Daniel Pesut
(Indiana University School of Nursing, USA)

"It is important that students and researchers from all over the world can have easy access to relevant, high-standard and timely scientific information. This is exactly what Open Access Journals provide and this is the reason why I support this endeavor."


Jacques Descotes
(Centre Antipoison-Centre de Pharmacovigilance, France)

"Publishing research articles is the key for future scientific progress. Open Access publishing is therefore of utmost importance for wider dissemination of information, and will help serving the best interest of the scientific community."


Patrice Talaga
(UCB S.A., Belgium)

"Open access journals are a novel concept in the medical literature. They offer accessible information to a wide variety of individuals, including physicians, medical students, clinical investigators, and the general public. They are an outstanding source of medical and scientific information."


Jeffrey M. Weinberg
(St. Luke's-Roosevelt Hospital Center, USA)

"Open access journals are extremely useful for graduate students, investigators and all other interested persons to read important scientific articles and subscribe scientific journals. Indeed, the research articles span a wide range of area and of high quality. This is specially a must for researchers belonging to institutions with limited library facility and funding to subscribe scientific journals."


Debomoy K. Lahiri
(Indiana University School of Medicine, USA)

"Open access journals represent a major break-through in publishing. They provide easy access to the latest research on a wide variety of issues. Relevant and timely articles are made available in a fraction of the time taken by more conventional publishers. Articles are of uniformly high quality and written by the world's leading authorities."


Robert Looney
(Naval Postgraduate School, USA)

"Open access journals have transformed the way scientific data is published and disseminated: particularly, whilst ensuring a high quality standard and transparency in the editorial process, they have increased the access to the scientific literature by those researchers that have limited library support or that are working on small budgets."


Richard Reithinger
(Westat, USA)

"Not only do open access journals greatly improve the access to high quality information for scientists in the developing world, it also provides extra exposure for our papers."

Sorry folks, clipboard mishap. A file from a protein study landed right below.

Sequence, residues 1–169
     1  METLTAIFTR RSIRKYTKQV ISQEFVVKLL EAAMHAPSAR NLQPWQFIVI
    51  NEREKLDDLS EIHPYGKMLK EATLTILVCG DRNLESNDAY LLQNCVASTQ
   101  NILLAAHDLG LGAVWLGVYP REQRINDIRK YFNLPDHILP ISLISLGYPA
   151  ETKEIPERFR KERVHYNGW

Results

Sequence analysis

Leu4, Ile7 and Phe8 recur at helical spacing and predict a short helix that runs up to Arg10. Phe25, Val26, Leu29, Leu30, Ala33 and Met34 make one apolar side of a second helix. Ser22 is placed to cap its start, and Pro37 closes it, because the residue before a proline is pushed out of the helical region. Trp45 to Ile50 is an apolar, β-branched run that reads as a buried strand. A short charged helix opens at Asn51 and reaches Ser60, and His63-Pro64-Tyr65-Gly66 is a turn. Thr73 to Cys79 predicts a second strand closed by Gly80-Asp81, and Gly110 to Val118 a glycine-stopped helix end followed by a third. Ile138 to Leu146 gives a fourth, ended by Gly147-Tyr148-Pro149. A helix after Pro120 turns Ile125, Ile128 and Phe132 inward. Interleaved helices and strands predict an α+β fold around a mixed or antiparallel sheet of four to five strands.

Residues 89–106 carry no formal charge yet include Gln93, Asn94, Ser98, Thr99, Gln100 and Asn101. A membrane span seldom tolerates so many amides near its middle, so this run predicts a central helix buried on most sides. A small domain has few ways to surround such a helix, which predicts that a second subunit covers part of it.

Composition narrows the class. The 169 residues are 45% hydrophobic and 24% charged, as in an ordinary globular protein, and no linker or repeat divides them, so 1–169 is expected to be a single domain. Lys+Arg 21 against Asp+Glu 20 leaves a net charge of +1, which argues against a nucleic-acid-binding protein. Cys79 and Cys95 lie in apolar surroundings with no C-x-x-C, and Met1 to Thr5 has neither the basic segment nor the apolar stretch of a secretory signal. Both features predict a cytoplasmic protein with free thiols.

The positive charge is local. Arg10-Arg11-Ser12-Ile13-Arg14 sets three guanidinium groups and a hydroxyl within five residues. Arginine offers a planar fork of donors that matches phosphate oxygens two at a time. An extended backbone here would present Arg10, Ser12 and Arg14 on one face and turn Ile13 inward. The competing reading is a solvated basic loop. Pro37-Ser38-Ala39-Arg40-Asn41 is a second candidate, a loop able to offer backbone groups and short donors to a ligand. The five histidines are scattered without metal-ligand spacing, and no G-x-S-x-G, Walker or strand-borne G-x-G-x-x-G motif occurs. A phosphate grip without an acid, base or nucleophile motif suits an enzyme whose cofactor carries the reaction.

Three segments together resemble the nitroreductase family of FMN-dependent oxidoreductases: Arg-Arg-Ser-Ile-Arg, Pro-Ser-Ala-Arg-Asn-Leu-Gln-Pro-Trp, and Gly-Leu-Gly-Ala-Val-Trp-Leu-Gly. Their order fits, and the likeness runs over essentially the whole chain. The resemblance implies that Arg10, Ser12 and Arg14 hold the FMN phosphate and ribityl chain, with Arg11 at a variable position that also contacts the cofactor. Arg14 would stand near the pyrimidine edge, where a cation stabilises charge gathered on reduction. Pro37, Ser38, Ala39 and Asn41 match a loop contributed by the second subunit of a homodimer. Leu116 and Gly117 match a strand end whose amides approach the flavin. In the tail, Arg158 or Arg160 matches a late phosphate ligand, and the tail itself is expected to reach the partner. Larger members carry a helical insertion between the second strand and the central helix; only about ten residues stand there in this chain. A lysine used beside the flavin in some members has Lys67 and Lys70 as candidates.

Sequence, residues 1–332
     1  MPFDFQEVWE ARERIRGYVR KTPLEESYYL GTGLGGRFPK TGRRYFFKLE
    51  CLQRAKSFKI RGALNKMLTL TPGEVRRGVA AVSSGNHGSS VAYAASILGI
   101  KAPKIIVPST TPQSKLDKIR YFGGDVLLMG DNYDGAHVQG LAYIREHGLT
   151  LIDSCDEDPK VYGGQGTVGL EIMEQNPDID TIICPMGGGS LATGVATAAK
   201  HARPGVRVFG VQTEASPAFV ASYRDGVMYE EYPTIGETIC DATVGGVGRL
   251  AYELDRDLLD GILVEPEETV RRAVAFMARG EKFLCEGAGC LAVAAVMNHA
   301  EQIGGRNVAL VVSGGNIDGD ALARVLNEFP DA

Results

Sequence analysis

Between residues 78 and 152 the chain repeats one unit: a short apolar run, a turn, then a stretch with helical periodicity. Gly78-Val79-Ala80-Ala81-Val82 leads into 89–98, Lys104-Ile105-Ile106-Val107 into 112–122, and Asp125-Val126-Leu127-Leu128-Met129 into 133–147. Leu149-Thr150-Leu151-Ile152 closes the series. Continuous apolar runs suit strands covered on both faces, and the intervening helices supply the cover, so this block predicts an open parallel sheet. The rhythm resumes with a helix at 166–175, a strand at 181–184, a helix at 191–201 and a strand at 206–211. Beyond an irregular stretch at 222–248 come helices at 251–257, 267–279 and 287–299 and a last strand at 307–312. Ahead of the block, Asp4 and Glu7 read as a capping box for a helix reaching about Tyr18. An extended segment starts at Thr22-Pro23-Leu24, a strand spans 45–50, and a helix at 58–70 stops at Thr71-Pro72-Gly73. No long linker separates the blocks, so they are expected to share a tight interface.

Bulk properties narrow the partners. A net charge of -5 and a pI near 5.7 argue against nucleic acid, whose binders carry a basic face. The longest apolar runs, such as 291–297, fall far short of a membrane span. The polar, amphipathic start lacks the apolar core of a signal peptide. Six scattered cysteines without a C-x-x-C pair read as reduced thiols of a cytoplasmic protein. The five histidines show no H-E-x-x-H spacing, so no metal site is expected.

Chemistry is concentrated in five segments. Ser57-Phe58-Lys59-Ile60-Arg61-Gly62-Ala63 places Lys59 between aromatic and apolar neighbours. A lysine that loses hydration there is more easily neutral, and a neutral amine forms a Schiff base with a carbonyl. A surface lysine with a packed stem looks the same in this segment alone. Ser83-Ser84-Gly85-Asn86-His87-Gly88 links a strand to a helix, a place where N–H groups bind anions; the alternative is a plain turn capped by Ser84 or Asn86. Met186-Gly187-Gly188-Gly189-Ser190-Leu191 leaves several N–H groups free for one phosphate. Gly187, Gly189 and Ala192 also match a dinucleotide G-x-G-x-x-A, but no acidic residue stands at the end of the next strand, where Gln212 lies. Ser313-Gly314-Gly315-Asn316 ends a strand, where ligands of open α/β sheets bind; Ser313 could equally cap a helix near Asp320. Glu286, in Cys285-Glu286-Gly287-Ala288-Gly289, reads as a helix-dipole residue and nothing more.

J. Ferwerda
(University of Oxford, UK)

"Open Access 'Chemistry' Journals allow the dissemination of knowledge at your finger tips without paying for the scientific content."


Sean L. Kitson
(Almac Sciences, Northern Ireland)

"In principle, all scientific journals should have open access, as should be science itself. Open access journals are very helpful for students, researchers and the general public including people from institutions which do not have library or cannot afford to subscribe scientific journals. The articles are high standard and cover a wide area."


Hubert Wolterbeek
(Delft University of Technology, The Netherlands)

"The widest possible diffusion of information is critical for the advancement of science. In this perspective, open access journals are instrumental in fostering researches and achievements."


Alessandro Laviano
(Sapienza - University of Rome, Italy)

"Open access journals are very useful for all scientists as they can have quick information in the different fields of science."


Philippe Hernigou
(Paris University, France)

"There are many scientists who can not afford the rather expensive subscriptions to scientific journals. Open access journals offer a good alternative for free access to good quality scientific information."


Fidel Toldrá
(Instituto de Agroquimica y Tecnologia de Alimentos, Spain)

"Open access journals have become a fundamental tool for students, researchers, patients and the general public. Many people from institutions which do not have library or cannot afford to subscribe scientific journals benefit of them on a daily basis. The articles are among the best and cover most scientific areas."


M. Bendandi
(University Clinic of Navarre, Spain)

"These journals provide researchers with a platform for rapid, open access scientific communication. The articles are of high quality and broad scope."


Peter Chiba
(University of Vienna, Austria)

"Open access journals are probably one of the most important contributions to promote and diffuse science worldwide."


Jaime Sampaio
(University of Trás-os-Montes e Alto Douro, Portugal)

"Open access journals make up a new and rather revolutionary way to scientific publication. This option opens several quite interesting possibilities to disseminate openly and freely new knowledge and even to facilitate interpersonal communication among scientists."


Eduardo A. Castro
(INIFTA, Argentina)

"Open access journals are freely available online throughout the world, for you to read, download, copy, distribute, and use. The articles published in the open access journals are high quality and cover a wide range of fields."


Kenji Hashimoto
(Chiba University, Japan)

"Open Access journals offer an innovative and efficient way of publication for academics and professionals in a wide range of disciplines. The papers published are of high quality after rigorous peer review and they are Indexed in: major international databases. I read Open Access journals to keep abreast of the recent development in my field of study."


Daniel Shek
(Chinese University of Hong Kong, Hong Kong)

"It is a modern trend for publishers to establish open access journals. Researchers, faculty members, and students will be greatly benefited by the new journals of Bentham Science Publishers Ltd. in this category."


Jih Ru Hwu
(National Central University, Taiwan)


Browse Contents




Webmaster Contact: info@benthamopen.net
Copyright © 2020 Bentham Open